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Kylie Minogue | Ultimate Kylie | review | alternative | Lollipop
Ultimate Kylie (Capitol)
by Michael McCarthy
If you are among those who remember Kylie Minogue's cover of Little Eva's "The Loco-Motion" when "Can't Get You Out of My Head" was a smash hit a few years ago, then you've probably wondered what Kylie has been up to between those hits. Surely by now you've heard that she'd continued to release album after album outside of the States. This two disc collection is the perfect introduction to her discography, and the only Kylie compilation to span her entire career thus far.
Fans often refer to Kylie's first four albums as "first period" Kylie. Those were the days when Stock, Aitken, and Waterman wrote and produced the majority of her material: The days before Kylie became a songwriter herself. One could also argue that those were the days before Kylie truly became an artist, when she was merely a pop star. First period Kylie is then kept separate from "second period" Kylie in this collection, the two periods being nicely divided over its two discs. This is a good thing, because there are undoubtedly many fans of second period Kylie who can't stomach first period Kylie (and vice versa, I suppose, although I've yet to meet a fan who only likes "first period" Kylie). Still, there are some illustrious gems on disc one. It opens with "Better the Devil You Know," which I'd argue is one of Kylie's best songs ever. The production sounds a bit outdated now, yes, but it's one of those sweet bubblegum songs you can't help but simultaneously sing and dance along to. Most of the songs on the first disc are that sort of light-hearted party fare, so it's only appropriate that it wraps up with Kylie's cover of the classic "Celebration" (if Kool & The Gang's original version of that song has a soft spot in your heart, you'll likely love first period Kylie. If, however, it makes you pull your hair out, then you might want to proceed directly to disc two).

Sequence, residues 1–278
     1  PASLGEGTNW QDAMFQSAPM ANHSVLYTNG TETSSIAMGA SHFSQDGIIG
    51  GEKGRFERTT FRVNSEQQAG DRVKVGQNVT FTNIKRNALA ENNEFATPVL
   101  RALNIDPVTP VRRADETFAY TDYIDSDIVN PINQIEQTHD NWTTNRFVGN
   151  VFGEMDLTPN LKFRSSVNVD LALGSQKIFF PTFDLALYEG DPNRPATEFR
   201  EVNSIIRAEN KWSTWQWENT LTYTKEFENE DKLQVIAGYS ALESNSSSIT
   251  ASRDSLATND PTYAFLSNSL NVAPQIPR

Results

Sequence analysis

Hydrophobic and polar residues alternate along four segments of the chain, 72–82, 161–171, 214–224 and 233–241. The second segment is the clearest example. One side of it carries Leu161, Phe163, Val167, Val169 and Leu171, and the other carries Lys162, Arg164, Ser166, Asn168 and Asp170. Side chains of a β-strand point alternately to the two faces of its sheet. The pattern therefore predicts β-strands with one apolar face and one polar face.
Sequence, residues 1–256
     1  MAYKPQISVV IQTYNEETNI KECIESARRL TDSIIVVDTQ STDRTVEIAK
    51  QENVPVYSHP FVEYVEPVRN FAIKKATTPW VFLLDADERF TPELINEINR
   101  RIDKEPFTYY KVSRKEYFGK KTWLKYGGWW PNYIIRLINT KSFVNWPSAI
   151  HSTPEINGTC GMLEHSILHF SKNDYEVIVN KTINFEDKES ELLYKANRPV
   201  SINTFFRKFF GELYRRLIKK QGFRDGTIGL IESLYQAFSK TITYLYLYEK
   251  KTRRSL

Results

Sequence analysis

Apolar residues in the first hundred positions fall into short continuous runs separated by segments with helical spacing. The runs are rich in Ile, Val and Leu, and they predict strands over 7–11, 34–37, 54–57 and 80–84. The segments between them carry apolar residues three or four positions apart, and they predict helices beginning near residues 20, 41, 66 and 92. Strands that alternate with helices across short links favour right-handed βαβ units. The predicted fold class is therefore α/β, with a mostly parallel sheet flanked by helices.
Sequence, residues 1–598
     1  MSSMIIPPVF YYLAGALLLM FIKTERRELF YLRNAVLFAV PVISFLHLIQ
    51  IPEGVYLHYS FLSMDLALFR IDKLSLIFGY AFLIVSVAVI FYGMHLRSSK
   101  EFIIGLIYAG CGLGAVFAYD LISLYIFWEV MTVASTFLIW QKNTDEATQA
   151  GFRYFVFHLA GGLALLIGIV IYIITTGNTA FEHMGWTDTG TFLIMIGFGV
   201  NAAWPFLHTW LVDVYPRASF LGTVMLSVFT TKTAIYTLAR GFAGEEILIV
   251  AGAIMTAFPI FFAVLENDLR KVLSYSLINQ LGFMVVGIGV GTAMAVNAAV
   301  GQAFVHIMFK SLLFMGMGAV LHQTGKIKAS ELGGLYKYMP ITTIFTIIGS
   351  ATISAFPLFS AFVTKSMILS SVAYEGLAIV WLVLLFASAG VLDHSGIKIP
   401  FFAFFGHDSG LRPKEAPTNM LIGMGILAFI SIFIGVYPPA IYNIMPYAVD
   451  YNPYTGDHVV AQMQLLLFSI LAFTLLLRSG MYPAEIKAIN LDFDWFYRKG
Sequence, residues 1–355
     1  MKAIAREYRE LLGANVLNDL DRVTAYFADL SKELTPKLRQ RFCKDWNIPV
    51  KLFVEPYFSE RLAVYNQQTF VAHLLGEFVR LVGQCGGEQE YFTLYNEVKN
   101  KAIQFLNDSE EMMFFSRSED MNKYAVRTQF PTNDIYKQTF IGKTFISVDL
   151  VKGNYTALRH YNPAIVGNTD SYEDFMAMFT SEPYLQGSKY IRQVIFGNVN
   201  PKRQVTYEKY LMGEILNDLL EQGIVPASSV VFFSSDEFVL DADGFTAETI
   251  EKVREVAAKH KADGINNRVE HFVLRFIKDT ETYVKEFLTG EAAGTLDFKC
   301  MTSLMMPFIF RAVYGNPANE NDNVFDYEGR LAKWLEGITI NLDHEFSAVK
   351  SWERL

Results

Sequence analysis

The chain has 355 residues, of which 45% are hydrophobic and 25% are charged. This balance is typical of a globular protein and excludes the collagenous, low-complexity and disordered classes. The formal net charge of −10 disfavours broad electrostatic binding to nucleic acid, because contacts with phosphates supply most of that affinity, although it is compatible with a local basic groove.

Disc two opens with Kylie's latest hit, "I Believe in You," a masterpiece co-written by Kylie with Jake Shears and Babydaddy of Scissor Sisters. It's as hypnotic and well-produced as "Can't Get You Out of My Head," complete with better lyrics. In other words, Kylie has truly outdone herself with this one. As if to drive that point home, although probably in the interest of front-loading the disc, "Can't Get You Out of My Head" is the second track on disc two.
All 18 tracks on the second disc are quite wonderful. From the radio-friendly "Spinning Around" and "Love at First Sight" to the more artsy "Confide in Me" and "Did it Again," you'll know why Kylie is hailed the princess of pop worldwide when you listen to the second disc. Still, more than a pop star, disc two proves that Kylie truly is an artist, and nowhere is that more evident than on its final track, "Where the Wild Roses Grow," a duet with Nick Cave. A song from the perspective of a dead girl, it's the antithesis of "Celebration" in every way possible.